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Alternative Feedstocks For Ethanol Production

Date:
June 23, 2009
Source:
Mary Ann Liebert, Inc./Genetic Engineering News
Summary:
Scientists say they are forging ahead in developing replacements for petrochemical fuels that will be cost-competitive and renewable while having a minimal impact on the environment. A consensus is emerging that no one technology will reign supreme and that a range of current and novel methodologies will contribute to meeting biofuel needs.

Scientists say they are forging ahead in developing replacements for petrochemical fuels that will be cost-competitive and renewable while having a minimal impact on the environment, reports Genetic Engineering & Biotechnology News (GEN). A consensus is emerging that no one technology will reign supreme and that a range of current and novel methodologies will contribute to meeting biofuel needs, according to the June 15 issue of GEN.

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"It's been estimated that fossil fuels constitute more than eighty percent of the world's main energy supply," says John Sterling, Editor in Chief of GEN. "Both economics and the concern over global warming require that technologies be used to significantly lower this number."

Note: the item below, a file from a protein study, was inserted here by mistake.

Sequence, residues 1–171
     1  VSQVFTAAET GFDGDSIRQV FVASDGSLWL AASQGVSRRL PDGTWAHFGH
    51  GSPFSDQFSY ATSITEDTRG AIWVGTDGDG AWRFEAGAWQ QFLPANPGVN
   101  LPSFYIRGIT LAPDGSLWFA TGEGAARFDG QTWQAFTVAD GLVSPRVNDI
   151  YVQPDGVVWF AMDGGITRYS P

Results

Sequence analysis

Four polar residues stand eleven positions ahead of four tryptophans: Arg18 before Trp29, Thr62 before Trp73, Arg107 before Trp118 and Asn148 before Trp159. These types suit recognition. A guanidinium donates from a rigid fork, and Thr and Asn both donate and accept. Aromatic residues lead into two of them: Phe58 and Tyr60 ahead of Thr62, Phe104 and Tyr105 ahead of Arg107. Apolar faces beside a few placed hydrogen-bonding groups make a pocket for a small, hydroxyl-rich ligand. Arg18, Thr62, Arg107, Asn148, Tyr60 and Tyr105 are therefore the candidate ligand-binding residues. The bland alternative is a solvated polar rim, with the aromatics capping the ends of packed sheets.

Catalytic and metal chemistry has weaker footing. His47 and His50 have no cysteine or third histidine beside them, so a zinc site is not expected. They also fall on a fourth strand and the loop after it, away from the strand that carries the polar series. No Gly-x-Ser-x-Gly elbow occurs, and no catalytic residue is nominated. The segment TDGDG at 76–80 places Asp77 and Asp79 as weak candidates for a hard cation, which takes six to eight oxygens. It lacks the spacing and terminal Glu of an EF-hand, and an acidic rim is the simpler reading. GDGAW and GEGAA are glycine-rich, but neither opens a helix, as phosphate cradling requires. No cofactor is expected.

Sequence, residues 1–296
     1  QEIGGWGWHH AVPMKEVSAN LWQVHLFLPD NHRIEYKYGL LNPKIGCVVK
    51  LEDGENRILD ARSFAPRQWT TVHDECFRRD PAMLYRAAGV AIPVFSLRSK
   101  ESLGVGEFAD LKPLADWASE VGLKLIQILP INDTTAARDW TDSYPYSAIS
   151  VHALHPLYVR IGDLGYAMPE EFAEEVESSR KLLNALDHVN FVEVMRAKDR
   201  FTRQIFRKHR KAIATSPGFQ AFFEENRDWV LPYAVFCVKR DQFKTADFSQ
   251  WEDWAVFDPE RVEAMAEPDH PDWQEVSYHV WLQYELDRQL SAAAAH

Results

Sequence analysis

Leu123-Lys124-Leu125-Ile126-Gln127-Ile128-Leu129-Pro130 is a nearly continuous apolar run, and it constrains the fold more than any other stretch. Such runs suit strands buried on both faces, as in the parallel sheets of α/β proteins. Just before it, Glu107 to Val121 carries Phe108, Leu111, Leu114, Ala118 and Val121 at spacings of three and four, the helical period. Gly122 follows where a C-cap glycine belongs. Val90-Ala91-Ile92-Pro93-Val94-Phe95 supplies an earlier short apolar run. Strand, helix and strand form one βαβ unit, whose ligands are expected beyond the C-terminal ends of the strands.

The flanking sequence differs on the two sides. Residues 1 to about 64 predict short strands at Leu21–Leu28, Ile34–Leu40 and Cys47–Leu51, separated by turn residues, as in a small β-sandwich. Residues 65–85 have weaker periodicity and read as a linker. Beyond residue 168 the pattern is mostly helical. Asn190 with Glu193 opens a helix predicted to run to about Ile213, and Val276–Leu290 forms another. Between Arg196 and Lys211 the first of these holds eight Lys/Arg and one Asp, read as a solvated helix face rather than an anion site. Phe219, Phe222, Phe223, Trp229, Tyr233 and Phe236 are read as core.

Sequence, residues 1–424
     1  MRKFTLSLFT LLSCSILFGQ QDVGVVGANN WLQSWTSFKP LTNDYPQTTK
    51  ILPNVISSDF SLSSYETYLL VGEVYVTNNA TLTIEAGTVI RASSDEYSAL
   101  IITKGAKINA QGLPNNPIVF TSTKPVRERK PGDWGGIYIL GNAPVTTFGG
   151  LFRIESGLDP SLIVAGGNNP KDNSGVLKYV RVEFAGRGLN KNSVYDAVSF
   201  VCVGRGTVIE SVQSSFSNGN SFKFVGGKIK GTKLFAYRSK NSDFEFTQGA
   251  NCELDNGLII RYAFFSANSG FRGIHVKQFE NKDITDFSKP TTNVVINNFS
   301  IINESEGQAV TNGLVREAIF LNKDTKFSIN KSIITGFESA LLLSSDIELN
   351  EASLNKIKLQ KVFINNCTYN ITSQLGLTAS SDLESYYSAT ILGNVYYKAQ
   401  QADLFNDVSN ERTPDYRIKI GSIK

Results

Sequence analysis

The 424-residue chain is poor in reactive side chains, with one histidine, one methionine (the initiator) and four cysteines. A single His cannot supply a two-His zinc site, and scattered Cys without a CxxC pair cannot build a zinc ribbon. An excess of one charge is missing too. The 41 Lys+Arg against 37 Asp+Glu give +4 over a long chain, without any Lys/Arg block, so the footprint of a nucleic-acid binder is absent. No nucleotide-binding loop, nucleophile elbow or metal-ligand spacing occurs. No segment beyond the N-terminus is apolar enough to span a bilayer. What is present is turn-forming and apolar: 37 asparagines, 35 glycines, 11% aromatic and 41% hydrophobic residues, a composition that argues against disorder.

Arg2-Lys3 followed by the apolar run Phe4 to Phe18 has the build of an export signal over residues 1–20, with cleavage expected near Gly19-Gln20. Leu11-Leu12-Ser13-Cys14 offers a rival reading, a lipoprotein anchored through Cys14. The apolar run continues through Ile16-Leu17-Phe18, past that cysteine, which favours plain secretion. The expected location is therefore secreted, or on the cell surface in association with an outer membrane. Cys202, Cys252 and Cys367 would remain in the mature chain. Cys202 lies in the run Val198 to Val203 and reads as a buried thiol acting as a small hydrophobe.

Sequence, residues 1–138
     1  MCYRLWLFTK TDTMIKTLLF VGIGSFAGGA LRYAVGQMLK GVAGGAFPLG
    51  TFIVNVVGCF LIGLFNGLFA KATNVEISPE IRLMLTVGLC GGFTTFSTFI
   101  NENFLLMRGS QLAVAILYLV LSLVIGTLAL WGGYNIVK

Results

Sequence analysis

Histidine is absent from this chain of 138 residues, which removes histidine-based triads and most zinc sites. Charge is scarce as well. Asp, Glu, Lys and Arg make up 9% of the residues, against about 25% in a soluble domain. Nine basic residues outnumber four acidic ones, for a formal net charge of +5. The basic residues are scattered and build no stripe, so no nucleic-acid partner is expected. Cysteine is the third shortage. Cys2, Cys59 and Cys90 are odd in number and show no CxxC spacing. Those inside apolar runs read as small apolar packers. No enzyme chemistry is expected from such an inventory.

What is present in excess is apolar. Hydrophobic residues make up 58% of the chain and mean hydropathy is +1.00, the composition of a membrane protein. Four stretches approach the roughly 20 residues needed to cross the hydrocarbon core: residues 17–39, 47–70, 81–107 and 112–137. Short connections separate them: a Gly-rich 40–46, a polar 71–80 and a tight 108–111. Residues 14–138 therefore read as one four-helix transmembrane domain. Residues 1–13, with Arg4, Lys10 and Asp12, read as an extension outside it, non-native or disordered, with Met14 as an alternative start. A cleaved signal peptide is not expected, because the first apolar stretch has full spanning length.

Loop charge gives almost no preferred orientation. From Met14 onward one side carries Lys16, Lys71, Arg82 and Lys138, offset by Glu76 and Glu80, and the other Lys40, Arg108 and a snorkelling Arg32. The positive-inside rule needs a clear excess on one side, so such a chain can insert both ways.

Edenspace Systems is working on Energy Corn™, a feedstock designed to cut the cost of producing cellulosic biofuels from corn stover. The company's technology platform, based on identifying promising cellulose genes, transforming crop plants with candidate genes, and evaluating the effects on growth, yield, and cellulose hydrolysis, would be applicable to a variety of energy crops including switchgrass, sorghum, and sugar cane.

Officials at Coskata say the company relies on a hybrid approach based on its Flex Ethanol™ technology, which combines gasification and fermentation in a thermo-biological pathway to produce fuel-grade ethanol that it contends can be cost-competitive with gasoline. The process reportedly is able to yield more than 100 gallons of ethanol per ton of dry biomass.

Also discussed in the GEN article is biofuel research taking place at ICM, Qteros, Synthetic Genomics, Solazyme, and the United States Department of Agriculture.


Story Source:

The above story is based on materials provided by Mary Ann Liebert, Inc./Genetic Engineering News. Note: Materials may be edited for content and length.


Cite This Page:

Mary Ann Liebert, Inc./Genetic Engineering News. "Alternative Feedstocks For Ethanol Production." ScienceDaily. ScienceDaily, 23 June 2009. <www.sciencedaily.com/releases/2009/06/090619130407.htm>.
Mary Ann Liebert, Inc./Genetic Engineering News. (2009, June 23). Alternative Feedstocks For Ethanol Production. ScienceDaily. Retrieved January 30, 2015 from www.sciencedaily.com/releases/2009/06/090619130407.htm
Mary Ann Liebert, Inc./Genetic Engineering News. "Alternative Feedstocks For Ethanol Production." ScienceDaily. www.sciencedaily.com/releases/2009/06/090619130407.htm (accessed January 30, 2015).

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